I think that's it. When I typed "digitally" I felt something. Why would I treasure, let alone buy, an album released on analog media if the music has been processed digitally first?

That's why I had no problem buying the Black Eyed Peas "Monkey Business" on vinyl, the original release on vinyl, and painting today's piece. It is a digitally recorded and produced album that they simply pressed on vinyl.

You can't add back in the warmth and reality of analog.

So, that's it. I don't mind terribly using vinyl pressings if it's a digitally processed recording.

I'm not sure how I feel about this. What do you think?


Black Eyed Peas 09/04/08

Wednesday, September 3, 2008



This Springsteen is for Barbara. She's buying herself a birthday present. Love it. On her blogger profile, she has so many to list for her favorite music that she had to repurpose the "favorite movies" category to hold more music.

Barbara is exactly who I want to be able to have at least one piece of Vinyl Art. She's buying it unframed for $100 shipped. I added the option to buy unframed pieces for people who have a cool idea for hanging the piece, or who would rather save up for a painting and like 5 CDs instead of just a painting.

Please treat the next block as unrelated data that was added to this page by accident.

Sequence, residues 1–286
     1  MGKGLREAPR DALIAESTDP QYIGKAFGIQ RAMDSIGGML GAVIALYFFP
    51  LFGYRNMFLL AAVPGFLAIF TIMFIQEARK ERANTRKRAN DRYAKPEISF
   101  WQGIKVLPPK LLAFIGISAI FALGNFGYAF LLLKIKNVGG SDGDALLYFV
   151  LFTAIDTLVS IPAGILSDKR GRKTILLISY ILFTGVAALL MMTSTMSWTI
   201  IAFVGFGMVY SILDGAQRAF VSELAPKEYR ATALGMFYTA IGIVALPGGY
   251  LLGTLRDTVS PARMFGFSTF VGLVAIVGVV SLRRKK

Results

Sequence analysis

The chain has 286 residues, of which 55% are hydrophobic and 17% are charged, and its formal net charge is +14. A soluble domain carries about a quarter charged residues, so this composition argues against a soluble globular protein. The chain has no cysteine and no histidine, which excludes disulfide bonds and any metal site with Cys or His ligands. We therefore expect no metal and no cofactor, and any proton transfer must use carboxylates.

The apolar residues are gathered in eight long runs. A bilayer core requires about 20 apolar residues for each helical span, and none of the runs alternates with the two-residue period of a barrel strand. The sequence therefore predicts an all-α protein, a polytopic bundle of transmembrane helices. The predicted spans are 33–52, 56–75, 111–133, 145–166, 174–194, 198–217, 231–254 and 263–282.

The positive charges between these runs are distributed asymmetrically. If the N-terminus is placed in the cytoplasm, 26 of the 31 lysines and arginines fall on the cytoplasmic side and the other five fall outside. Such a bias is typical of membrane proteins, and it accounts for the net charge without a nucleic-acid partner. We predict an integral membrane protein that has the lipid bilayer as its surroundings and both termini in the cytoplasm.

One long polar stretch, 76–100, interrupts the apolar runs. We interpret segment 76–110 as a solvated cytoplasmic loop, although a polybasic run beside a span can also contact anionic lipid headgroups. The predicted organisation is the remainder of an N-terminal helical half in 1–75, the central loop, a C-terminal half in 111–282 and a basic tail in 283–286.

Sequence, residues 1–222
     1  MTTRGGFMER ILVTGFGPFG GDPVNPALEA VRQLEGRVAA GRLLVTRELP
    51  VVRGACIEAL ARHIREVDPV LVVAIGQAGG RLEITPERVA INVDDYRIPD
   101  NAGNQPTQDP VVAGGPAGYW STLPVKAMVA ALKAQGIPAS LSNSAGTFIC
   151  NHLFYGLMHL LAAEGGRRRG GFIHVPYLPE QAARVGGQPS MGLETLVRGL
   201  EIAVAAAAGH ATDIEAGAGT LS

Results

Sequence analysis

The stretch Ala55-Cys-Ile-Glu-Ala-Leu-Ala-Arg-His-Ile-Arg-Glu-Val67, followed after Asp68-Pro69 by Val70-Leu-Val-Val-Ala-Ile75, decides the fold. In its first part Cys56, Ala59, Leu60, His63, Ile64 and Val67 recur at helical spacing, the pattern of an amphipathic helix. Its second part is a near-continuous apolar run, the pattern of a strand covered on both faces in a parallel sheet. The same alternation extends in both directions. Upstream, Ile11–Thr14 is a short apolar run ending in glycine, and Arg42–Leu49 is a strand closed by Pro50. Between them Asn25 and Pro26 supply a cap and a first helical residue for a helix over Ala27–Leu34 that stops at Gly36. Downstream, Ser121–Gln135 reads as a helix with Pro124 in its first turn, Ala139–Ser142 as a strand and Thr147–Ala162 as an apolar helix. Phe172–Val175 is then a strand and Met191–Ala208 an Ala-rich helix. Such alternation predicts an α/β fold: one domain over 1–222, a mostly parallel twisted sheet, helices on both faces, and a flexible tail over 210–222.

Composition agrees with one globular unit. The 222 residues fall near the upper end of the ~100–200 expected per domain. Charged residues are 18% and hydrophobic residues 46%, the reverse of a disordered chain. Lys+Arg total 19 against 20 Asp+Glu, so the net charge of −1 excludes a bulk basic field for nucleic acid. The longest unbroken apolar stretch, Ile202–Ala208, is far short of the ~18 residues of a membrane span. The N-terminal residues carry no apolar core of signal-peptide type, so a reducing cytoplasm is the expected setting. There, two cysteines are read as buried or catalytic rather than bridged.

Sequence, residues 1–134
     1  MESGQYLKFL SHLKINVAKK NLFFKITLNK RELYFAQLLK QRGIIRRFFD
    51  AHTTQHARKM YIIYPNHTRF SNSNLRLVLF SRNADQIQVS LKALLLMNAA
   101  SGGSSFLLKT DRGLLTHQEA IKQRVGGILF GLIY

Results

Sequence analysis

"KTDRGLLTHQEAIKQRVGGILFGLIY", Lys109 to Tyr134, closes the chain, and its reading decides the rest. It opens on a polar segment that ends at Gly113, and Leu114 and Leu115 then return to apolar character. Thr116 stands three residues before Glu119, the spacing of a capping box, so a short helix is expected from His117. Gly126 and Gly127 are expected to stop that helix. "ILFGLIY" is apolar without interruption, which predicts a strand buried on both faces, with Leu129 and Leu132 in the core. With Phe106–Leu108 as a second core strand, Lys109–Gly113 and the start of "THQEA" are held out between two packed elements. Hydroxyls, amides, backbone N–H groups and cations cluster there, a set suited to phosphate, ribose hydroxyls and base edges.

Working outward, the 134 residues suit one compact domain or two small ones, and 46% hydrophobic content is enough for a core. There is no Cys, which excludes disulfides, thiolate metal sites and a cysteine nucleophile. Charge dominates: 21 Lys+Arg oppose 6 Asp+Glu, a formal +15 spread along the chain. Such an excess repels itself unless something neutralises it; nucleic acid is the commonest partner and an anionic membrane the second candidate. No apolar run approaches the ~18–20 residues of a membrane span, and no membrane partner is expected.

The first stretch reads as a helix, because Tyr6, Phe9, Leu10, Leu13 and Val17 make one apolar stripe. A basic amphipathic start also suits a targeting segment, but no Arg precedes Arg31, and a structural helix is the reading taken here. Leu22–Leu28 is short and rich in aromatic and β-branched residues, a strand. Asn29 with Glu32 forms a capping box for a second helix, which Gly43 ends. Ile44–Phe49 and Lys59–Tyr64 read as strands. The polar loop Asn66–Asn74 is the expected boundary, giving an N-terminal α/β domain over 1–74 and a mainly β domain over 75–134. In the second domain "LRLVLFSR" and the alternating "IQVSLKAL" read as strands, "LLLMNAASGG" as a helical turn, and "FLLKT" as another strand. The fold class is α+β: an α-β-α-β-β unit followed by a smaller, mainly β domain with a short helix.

I've been getting real good use out of the PayPal email invoices for commissions recently. It allows me to customize the invoice for you. All you need to do is contact me if you don't see what you want specifically in my online gallery, or if you want to buy multiple pieces at one time. You also get a more personal story to tell people wondering what the heck that is you've got on your wall.


SOLD - Bruce Springsteen 09/03/08

Tuesday, September 2, 2008

Attention Deficit

As I post here day to day, I occasionally forget that most people (including myself, heck) don't read blogs "cover to cover". I try not to repeat myself, but sometimes I need to recap. I've got a few events upcoming in which I'm taking part. I need to remember them too!

Oct. 16th - 12 Inch 4 in Winnipeg, Canada
Oct. 3rd - APW Arts in NYC
Sept. 27th - Primitive Kool Gallery on Ocean Beach in SD, CA (pieces on site still 30% off!)
Sept. 27th - Superstition Springs Golf Club in Mesa, AZ (silent auction)
Sept. 5th - Alabama Blues Project in Tuscaloosa, AL (silent auction)
Sept. 5th - Red Dog Gallery (#70 on map) in downtown Phoenix, AZ (First Fridays)

I think that's it. Your attention is oh-so valuable, so I truly appreciate your spending any time with me.